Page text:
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Re: Muddy feet, or not? (JOKE)



I recently purchased part of a tyrannosaurid trackway, identified as T. rex.  
(Further specimens are on sale, but per the list's charter I shall not name the 
source.)  The tracks were clearly left by a juvenile, perhaps a hatchling, as 
each print was only 35mm long and 30mm wide.  Three toes were clearly splayed 
out and seem to be pointed, almost triangular.

No distinct claw traces are visible, but there is a small impression behind 
each footprint presumably corresponding to the retroverted digit IV.  (It is 
IV, isn't it?)  This is included in the length quoted above.

A particularly unusual property of this ichnofossil is the matrix itself.  
Although it has of course hardened considerably over the 70 million years or so 
since the tracks were made, its chemical composition seems to be largely 
unchanged.  This particular trackway was left not in wet clay, but in softened  
chocolate.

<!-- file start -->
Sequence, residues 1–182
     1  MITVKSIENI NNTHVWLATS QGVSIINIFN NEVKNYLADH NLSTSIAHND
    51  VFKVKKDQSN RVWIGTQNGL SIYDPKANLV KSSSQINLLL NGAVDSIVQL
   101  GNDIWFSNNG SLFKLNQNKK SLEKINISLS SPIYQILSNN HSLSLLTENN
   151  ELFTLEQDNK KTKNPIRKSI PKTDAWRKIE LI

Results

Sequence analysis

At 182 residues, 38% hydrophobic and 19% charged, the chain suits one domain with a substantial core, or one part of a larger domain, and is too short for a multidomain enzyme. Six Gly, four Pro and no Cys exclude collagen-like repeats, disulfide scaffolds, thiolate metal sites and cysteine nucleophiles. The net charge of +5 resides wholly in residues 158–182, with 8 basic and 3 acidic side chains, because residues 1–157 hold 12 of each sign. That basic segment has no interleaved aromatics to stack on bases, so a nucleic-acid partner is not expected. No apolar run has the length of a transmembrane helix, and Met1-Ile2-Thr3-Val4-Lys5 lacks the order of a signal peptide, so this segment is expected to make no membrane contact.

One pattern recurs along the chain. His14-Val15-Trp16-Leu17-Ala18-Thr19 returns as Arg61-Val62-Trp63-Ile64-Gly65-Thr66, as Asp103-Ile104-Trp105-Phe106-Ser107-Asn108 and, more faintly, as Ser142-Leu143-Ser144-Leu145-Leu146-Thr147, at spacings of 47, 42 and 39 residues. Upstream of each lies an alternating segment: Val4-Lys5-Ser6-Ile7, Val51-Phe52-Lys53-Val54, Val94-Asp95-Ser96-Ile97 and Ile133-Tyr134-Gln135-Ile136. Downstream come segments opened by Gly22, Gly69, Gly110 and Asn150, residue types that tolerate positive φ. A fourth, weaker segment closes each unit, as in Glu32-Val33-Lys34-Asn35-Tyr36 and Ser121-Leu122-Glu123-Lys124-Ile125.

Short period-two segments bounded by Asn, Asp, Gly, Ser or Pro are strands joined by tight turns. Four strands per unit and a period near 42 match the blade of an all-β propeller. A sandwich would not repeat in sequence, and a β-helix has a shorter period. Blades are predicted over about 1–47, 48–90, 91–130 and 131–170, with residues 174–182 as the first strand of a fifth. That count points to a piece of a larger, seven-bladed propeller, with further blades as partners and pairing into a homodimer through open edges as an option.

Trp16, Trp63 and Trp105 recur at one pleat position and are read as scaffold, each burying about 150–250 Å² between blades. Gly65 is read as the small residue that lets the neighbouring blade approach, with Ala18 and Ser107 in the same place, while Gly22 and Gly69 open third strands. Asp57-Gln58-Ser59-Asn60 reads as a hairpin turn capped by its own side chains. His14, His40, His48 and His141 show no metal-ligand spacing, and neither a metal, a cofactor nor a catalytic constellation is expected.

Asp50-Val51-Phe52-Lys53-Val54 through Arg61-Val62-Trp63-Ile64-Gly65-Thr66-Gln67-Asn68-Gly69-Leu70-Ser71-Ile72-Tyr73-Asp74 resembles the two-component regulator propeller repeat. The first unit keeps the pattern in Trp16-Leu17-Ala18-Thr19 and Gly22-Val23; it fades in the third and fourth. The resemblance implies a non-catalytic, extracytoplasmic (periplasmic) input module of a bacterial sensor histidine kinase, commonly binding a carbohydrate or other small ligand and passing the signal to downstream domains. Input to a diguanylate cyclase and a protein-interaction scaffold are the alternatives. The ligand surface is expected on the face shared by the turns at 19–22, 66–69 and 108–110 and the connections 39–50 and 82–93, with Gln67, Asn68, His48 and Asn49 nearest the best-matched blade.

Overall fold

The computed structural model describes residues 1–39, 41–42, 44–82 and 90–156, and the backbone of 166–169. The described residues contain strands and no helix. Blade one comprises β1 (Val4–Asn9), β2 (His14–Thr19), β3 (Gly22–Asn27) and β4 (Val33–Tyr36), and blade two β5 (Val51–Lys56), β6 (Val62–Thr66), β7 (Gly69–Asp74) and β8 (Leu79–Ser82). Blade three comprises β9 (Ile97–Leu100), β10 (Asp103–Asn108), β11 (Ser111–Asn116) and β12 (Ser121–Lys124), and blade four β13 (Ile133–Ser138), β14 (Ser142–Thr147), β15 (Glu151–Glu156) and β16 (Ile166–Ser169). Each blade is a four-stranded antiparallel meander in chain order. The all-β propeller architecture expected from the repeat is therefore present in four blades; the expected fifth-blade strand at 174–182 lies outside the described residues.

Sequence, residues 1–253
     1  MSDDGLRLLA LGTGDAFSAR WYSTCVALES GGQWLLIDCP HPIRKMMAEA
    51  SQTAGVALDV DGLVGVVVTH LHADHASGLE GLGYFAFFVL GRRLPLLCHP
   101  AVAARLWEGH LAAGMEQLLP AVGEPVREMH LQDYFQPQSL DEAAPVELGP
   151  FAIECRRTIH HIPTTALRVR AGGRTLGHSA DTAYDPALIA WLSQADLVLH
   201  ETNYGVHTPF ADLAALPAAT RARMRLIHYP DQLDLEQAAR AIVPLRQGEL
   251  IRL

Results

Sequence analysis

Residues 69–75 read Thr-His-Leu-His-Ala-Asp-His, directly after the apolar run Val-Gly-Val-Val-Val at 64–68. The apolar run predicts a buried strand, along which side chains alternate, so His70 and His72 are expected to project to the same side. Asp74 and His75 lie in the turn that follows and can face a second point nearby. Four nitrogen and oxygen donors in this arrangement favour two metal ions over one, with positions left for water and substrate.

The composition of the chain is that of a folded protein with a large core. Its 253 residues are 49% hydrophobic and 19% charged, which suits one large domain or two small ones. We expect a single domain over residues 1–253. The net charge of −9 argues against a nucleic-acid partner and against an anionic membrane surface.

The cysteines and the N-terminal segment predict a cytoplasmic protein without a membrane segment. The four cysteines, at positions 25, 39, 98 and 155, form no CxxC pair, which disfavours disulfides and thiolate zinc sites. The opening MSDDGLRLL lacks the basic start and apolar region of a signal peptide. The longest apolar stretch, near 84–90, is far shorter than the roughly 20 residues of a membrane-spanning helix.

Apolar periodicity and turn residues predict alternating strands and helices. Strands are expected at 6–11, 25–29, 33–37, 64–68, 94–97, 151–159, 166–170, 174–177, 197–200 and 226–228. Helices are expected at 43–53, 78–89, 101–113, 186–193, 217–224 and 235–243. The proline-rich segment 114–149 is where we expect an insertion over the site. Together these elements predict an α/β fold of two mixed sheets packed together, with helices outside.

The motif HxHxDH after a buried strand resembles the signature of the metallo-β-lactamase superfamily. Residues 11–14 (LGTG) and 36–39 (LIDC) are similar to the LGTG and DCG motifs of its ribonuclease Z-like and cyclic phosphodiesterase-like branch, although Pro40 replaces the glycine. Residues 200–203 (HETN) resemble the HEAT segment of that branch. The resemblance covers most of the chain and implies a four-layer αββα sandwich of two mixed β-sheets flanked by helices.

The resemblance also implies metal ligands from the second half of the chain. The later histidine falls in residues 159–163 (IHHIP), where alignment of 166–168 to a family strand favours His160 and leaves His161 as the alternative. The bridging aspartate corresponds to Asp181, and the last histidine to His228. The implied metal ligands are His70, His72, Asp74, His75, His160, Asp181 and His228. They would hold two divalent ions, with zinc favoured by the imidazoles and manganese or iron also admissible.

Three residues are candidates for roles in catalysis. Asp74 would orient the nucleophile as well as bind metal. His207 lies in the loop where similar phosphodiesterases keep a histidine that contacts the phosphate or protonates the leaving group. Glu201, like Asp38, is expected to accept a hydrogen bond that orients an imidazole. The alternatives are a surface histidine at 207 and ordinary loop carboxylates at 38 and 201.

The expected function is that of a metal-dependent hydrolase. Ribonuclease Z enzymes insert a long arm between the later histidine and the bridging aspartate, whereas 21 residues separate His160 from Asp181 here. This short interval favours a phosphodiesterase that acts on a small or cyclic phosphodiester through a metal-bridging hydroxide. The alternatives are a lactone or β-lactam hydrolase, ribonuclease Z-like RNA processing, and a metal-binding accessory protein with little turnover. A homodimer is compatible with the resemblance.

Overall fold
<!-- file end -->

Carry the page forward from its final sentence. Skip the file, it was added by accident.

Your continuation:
A sample of the material was subjected to a battery of bioassays, which 
confirmed that the principal ingredients were milk and cocoa, but suggested 
that further testing would be desirable.

The fortuitous preservation of this fossil throws a fascinating insight into 
North American Cretaceous ecology.  It is likely that insects were attracted to 
sun-melted chocolate, but became trapped in the sticky surface (none were found 
in this specimen, however).  The juvenile tyrannosaur may have been in pursuit 
of insects, but it might equally have been accompanying one or more adults 
hunting sweet-toothed ceratopians.

I also have a Brachiosaurus egg, which is similar in shape to a Gallus egg, and 
is approximately 150mm long by 100mm across.  The effects of heat and pressure, 
and exposure to circulating chemicals for millions of years have led to a 
process of molecule-by molecule replacement of the original shell by a mixture 
of milk and white chocolate.

If you have any enquiries concerning these and similar specimens, I will be 
happy to investigate further. 

                                                        All the best,

                                                                        Bill